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Water Filtration Systems: Choosing the Right One for Your Home

Discussion in 'Doberman Health and News Articles' started by strykerdobe, Dec 18, 2019.

  1. strykerdobe

    strykerdobe Hot Topics Subscriber

    Water Filtration Systems: Choosing the Right One for Your Home
    By W. Jean Dodds, DVM on December 13, 2019

    Water Filtration Systems: Choosing the Right One for Your Home
    With New Year's Resolutions coming, consider researching and investing in the right water filtration system to reduce contaminants from your water source for your and your companion pet's health.

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    If you’ve been following our blogs these days, we have focused a lot on water. From that, you’ve learned that faucet-mounted water filters reduce lead and other metals from tap water if used correctly. Then, you discovered that reverse osmosis reduces nitrates and nitrites from a water supply. Finally, a study found that distilled water helps effectively clean fruits and vegetables.

    We imagine that your head is spinning. Which one of the many water filtration systems available should you choose?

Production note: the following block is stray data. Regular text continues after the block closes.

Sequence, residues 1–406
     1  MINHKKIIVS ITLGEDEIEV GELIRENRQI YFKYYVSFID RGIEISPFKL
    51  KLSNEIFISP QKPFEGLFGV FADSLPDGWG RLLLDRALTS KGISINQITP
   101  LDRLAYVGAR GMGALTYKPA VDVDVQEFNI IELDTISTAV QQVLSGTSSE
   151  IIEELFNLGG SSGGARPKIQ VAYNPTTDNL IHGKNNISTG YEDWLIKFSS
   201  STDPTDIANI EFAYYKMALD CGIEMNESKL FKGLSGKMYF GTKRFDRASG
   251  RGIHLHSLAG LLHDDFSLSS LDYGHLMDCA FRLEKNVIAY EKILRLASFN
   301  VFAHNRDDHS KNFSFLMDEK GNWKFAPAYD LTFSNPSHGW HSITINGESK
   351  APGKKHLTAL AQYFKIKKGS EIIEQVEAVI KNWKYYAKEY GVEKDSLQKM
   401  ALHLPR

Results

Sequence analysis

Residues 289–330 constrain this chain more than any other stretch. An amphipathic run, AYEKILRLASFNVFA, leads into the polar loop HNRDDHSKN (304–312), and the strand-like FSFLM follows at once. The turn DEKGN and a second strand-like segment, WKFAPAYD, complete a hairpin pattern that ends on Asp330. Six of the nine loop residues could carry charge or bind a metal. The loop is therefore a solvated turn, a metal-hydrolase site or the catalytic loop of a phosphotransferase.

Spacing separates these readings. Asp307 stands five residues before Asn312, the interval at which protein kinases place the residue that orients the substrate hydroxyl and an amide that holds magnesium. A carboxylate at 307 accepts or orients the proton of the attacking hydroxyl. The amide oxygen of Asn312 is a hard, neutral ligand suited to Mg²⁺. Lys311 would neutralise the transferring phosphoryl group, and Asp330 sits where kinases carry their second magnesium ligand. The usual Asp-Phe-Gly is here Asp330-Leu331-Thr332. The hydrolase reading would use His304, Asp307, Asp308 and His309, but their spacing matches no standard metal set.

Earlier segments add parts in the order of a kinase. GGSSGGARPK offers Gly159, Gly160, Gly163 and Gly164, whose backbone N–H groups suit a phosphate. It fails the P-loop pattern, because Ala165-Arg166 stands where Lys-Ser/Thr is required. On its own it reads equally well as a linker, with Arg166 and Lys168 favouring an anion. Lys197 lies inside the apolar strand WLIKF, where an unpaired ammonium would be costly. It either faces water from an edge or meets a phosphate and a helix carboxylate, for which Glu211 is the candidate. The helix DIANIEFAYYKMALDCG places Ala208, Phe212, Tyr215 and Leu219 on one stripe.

First, the Centers for Disease Control and Prevention (CDC) says that you should know your water source.

    Know Your Water Source
    Is your water source a private well or a cistern? Or, is your water source from a public system?

    Private – The CDC recommends contacting your local health authority to find out about common contaminants in your water and ask them what kind of contaminants to check for. Then, you should have your water checked by someone who is certified and have them check for total coliform bacteria, nitrates, total dissolved solids, and pH levels, and other contaminants common in your area that your local health department identified.

    Public – The Environmental Protection Agency (EPA) requires all public water systems to send a Consumer Confidence Report annually by July 1st, which details the quality of drinking water and the contaminants.

    Choosing the Right Water System
    Once you find out what is in your water, we suggest going straight to NSF International for information.

    NSF International was founded in 1944. It is an independent, accredited organization that tests, audits and certifies products and systems for public health.

    The NSF website is difficult to navigate. These are the two pages we suggest visiting first:

    Contaminant Reduction Claims Guide – This guide will tell you the best water filter system to remove the contaminants in your water source. Hyperlinks to what products are certified by NSF/ANSI are listed. We suggest you come back to this page once you start shopping to make sure the product is truly NSF certified.

    NSF Standards for Water Treatment Systems – This page details what the NSF/ANSI certification covers with the water filter system.

    Then, head over to the CDC website, which provides a bulleted guide of the different water treatment systems and what contaminants the technology removes.